As I try to absorb the horror of the war between Israel and Hamas, it is amazing to look back and realize I spent my summer in Israel just a few short months ago.
My name is Claire Eisenstadt, and I am a senior at Glenbrook North High School in Northbrook, Il. When I was born, my grandmother made me a life member of Hadassah, so attending Young Judaea summer camps and programs always seemed to be in the cards for me. From Young Judaea’s CYJ Midwest to Camp Tel Yehudah, then most recently to the 2023 Young Judaea Gesher Israel Program, all my summers have strengthened my Jewish identity and set me on my current path.
To say my time on the Gesher program was amazing would be an understatement and it was only made possible by the generosity of Hadassah and the 2023 Leaders of Tomorrow Scholarship, which I learned about from my parents. My mother is a Hadassah member and my father is a Hadassah Associate.
While this was not my first trip to Israel, it was my first time being there knowing the language. I felt as if I was returning home. From the moment I landed to my last hug goodbye three weeks later, I made the most of this once-in-a-lifetime experience. The programming, touring and free time gave me a chance to explore Israel and gain a well-rounded perspective on the country.
One especially impactful experience for me was meeting with Arab students at their high school. As a diaspora Jew visiting an Arab school, I initially felt out of place. But after talking with these teens in small groups, I felt more connected to them. The wall that traditionally stood between Arabs and Jews disappeared. As we talked, we found similarities. Now we follow each other online.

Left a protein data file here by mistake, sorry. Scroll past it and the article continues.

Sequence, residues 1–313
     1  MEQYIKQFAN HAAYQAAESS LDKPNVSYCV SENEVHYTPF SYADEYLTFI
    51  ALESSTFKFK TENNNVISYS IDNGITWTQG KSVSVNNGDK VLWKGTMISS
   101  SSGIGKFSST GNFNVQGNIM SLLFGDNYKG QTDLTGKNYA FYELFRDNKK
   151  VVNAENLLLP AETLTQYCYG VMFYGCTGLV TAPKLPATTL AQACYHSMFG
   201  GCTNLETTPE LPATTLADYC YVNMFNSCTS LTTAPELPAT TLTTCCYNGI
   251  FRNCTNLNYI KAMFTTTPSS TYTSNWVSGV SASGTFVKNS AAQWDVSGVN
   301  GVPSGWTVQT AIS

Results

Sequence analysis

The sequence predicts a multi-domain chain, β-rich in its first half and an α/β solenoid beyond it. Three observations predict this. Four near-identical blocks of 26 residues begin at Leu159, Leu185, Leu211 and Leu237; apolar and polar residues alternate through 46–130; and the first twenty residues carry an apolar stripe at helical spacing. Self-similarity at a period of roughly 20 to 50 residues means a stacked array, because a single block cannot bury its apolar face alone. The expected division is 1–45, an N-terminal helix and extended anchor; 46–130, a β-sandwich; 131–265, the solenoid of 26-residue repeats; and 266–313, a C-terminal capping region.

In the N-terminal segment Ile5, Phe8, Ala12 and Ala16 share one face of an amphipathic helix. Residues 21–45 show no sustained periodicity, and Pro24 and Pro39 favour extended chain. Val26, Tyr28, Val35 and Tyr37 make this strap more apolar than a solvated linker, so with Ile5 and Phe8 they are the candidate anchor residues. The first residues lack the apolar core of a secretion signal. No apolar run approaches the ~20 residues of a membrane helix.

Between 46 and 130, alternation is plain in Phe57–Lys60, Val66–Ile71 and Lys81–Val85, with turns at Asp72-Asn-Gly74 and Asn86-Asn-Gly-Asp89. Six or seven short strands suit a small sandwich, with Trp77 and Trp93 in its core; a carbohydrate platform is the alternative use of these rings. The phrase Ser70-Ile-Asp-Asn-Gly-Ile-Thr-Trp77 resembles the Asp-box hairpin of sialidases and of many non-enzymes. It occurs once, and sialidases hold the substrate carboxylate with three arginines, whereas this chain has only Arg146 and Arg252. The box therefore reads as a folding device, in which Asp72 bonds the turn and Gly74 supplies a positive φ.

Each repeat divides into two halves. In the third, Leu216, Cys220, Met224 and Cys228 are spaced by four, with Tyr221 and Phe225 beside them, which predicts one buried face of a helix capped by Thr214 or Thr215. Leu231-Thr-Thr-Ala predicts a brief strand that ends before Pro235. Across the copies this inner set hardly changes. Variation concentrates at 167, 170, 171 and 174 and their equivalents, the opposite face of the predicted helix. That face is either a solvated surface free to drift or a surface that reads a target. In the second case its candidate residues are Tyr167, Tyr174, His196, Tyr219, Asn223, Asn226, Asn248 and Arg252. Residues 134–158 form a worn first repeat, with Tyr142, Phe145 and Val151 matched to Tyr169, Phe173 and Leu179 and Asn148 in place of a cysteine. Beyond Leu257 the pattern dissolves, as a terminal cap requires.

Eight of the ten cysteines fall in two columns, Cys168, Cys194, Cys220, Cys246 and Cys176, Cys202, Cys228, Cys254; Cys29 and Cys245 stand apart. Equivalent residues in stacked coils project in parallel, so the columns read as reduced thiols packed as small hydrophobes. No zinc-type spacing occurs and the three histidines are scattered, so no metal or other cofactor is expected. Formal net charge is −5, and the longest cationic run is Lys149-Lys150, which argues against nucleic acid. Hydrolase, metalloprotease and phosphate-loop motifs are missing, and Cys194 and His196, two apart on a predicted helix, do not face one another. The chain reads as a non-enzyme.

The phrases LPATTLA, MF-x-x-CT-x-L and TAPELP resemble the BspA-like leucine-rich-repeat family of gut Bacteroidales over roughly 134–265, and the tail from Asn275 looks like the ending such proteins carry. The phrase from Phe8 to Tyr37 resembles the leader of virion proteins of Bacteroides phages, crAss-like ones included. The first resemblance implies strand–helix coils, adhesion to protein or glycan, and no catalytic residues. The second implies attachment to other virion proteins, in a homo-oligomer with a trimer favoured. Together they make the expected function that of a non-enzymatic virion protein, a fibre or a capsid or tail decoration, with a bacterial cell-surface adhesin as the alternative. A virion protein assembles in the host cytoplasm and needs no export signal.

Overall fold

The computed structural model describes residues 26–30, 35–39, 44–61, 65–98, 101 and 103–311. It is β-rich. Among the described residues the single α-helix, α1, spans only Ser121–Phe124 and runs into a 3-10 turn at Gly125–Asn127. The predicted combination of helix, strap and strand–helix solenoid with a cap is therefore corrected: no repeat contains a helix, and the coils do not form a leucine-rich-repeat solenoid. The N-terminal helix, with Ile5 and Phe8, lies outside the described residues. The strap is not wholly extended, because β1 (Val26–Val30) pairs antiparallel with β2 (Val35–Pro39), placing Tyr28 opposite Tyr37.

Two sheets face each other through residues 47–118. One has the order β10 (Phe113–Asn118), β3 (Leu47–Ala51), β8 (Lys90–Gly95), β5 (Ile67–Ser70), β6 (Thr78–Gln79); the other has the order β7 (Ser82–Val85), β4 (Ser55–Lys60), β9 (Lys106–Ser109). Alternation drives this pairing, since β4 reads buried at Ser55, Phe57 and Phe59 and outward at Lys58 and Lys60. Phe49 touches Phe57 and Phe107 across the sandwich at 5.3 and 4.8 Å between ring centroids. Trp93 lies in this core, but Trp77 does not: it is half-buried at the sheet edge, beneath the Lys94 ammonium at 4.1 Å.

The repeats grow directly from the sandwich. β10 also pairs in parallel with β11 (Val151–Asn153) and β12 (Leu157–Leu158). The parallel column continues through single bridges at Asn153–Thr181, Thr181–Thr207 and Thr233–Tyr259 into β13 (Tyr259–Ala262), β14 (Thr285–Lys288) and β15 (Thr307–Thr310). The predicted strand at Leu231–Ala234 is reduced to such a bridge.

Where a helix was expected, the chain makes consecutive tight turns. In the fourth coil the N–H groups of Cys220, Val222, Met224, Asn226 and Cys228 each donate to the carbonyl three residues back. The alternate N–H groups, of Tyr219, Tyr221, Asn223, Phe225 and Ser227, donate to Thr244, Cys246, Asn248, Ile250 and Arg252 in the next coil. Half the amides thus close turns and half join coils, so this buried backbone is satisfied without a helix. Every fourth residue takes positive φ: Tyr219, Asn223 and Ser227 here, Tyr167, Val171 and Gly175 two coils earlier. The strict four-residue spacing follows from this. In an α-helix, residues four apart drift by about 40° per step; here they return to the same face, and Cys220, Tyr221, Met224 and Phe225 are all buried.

I know that the purpose of the high school visit was not to solve the Middle East conflict, but rather to forge new relationships that break stereotypes. My takeaway was that change starts with building relationships. I left that program with two new friends.
Because the Gesher program provided time for interactions like that, it ensured that all of us would understand the significance of making peace through friendship. Our understanding will spread to others as we encounter similar opportunities in the future.
Another outstanding experience I had was visiting Jerusalem again. I felt the force of Zionism while standing in the shadow of the Kotel (The Western Wall). With every step I took, I knew my ancestors had been there before, which gave me a sense of comfort and home.
Every day, the Kotel plaza is filled with locals and tourists, the religious and secular, Jews and non-Jews. Seeing the Wall with my own eyes and placing my hands on it was surreal. Being able to touch the Wall ignited a spark that made me realize the Kotel’s magnitude and my role in Jewish society. I could feel the spiritual weight and prayers of others who have come before me. Though Jews worldwide speak different languages and live in different countries, everyone looks to Jerusalem when they pray.
Later on during the trip, we attended a concert where I met people from other Israel summer programs. For some of the participants, it was their first time in Israel and they were spiritually elevated by this new connection to their Jewish identity. After seeing so many teens excited to be in Israel and connecting with our homeland, I believe that the future of the Jewish people is bright.
Though Israel is small, it is a powerful place where people from around the world often come in search of meaning. For me, Israel has a significant place in my heart. It will always be my second home.
I hope with all my heart for peace.